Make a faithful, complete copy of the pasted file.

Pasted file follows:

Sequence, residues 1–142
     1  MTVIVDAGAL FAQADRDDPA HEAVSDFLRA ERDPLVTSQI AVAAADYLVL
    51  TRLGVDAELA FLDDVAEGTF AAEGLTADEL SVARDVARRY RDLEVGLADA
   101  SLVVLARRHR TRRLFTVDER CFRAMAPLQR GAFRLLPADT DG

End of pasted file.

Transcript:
Sequence, residues 1–142
     1  MTVIVDAGAL FAQADRDDPA HEAVSDFLRA ERDPLVTSQI AVAAADYLVL
    51  TRLGVDAELA FLDDVAEGTF AAEGLTADEL SVARDVARRY RDLEVGLADA
   101  SLVVLARRHR TRRLFTVDER CFRAMAPLQR GAFRLLPADT DG